By: Jason Wang
Imagine climbing a staircase, but with every 5th step you took, you slid back down 4 steps. For many marine larvae, the process of growing seems just as inefficient and “wasteful”. Proteins are the building blocks of life – all living things must synthesize them to function. However, some animals may spend more than half of their energy building proteins while only keeping a small portion of them as growth. Whether you’re a larva growing in a dangerous and changing ocean or one being grown for food in aquaculture, this inefficient growth is a concern.
This summer will be my third summer as a Wrigley Summer Fellow, and I plan to continue researching the physiological processes that drive growth rates in marine larvae. As a PhD student in the Manahan lab at USC, I have a unique opportunity this summer to work with genetic lines of Pacific oysters that we created two summers ago. Pacific oysters are one of the most aquacultured animals in the world, and can be farmed more sustainably than other species.
However, the larval form of the oyster is quite susceptible to mortality, and the growth and recruitment of larvae to the adult stages is often a bottleneck in their production. We believe that understanding the dynamics of synthesizing and degrading proteins may be a key to understanding what drives growth and success in early larval stages.
Why wouldn’t a larva just keep all of the proteins that it synthesizes and thus grow with perfect efficiency? The answer to this question is perhaps a bit philosophical. Life is constantly changing and eliciting a proper response from our bodies. When it’s hot outside, we sweat. When we run long distances, we breathe faster. Behind all of these reactions are a chain of biochemical reactions taking place using proteins. The ability to break down, repackage, and repurpose proteins is fundamental to living in a dynamic environment. It’s not surprising then that our cells spend so much time and energy building and tearing down proteins. Now add to this cost of maintenance an additional need to grow, and we begin to see why growth might be inefficient.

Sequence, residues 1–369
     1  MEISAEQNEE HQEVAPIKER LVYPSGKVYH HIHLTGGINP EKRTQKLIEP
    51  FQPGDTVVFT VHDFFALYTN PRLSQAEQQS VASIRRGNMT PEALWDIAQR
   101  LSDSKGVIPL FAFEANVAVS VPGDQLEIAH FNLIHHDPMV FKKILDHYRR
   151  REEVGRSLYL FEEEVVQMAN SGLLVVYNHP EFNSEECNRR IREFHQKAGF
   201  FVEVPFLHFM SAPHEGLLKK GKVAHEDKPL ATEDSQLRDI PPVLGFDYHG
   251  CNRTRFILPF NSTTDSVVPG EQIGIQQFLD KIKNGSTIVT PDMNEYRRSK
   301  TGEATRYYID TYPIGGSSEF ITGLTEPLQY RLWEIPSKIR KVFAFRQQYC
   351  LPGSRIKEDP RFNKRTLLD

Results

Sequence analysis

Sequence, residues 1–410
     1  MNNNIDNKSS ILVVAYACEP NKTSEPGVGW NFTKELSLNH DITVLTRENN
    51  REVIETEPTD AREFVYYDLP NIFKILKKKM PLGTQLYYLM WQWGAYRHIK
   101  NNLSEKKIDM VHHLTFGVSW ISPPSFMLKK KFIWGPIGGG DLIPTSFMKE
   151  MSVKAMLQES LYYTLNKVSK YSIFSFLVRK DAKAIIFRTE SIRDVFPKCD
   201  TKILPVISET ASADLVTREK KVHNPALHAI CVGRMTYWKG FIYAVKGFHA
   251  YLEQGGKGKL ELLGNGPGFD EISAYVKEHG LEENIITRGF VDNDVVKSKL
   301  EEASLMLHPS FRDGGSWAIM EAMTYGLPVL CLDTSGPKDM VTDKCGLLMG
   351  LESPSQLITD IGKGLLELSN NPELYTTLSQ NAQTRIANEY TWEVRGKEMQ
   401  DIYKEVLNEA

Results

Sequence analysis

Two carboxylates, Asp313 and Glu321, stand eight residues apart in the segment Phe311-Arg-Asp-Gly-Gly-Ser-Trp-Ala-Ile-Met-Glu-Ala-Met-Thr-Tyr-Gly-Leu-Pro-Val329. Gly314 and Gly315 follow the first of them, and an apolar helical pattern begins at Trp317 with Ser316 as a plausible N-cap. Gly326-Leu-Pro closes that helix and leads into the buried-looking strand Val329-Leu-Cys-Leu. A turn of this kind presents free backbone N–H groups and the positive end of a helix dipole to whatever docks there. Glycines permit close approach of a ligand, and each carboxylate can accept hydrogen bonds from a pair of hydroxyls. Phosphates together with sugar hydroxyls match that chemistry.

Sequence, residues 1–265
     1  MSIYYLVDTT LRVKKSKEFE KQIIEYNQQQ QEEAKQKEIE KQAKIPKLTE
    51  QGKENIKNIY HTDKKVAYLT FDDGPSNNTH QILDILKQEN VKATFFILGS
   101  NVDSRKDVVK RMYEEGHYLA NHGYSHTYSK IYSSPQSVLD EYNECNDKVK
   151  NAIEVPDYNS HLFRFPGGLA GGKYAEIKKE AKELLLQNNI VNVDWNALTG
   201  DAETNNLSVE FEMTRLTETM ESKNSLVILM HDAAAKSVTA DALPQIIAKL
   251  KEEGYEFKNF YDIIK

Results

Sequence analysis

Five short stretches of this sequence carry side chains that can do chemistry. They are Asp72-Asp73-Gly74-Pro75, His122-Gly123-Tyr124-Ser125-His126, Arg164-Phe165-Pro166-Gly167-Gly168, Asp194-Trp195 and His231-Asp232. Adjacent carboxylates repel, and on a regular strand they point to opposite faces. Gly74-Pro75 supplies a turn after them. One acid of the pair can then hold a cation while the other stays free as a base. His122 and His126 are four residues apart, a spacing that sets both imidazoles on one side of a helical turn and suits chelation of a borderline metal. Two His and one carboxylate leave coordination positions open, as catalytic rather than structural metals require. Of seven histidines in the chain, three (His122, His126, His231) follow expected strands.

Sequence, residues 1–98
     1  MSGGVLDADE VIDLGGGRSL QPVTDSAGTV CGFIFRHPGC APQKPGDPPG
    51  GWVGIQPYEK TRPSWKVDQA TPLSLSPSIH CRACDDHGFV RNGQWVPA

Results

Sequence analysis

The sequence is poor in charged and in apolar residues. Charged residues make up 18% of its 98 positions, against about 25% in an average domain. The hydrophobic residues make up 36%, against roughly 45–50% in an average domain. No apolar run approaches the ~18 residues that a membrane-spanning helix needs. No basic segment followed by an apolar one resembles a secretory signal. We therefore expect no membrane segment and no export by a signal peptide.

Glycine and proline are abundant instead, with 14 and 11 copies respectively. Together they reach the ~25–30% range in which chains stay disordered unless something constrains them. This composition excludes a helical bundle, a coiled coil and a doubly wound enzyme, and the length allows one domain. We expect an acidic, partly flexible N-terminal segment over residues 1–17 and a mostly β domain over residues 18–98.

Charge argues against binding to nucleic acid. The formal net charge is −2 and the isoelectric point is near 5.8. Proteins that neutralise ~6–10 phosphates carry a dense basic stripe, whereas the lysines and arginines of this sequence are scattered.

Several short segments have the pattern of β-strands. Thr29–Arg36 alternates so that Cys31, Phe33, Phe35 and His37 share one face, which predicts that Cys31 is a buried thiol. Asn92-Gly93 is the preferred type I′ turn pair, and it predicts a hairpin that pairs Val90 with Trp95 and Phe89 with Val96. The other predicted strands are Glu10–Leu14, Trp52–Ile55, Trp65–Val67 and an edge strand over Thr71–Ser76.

Having begun the process of breeding genetically distinct families of oysters two years ago, we are now positioned to examine the genetically determined processes that regulate protein metabolism and growth rate, and to examine how these processes interact with changes in the environment. Using a suit of integrative methods, this summer I hope to “balance the budget” of protein intake, synthesis, turnover, and excretion to see whether certain families of oysters are able to grow more efficiently than others.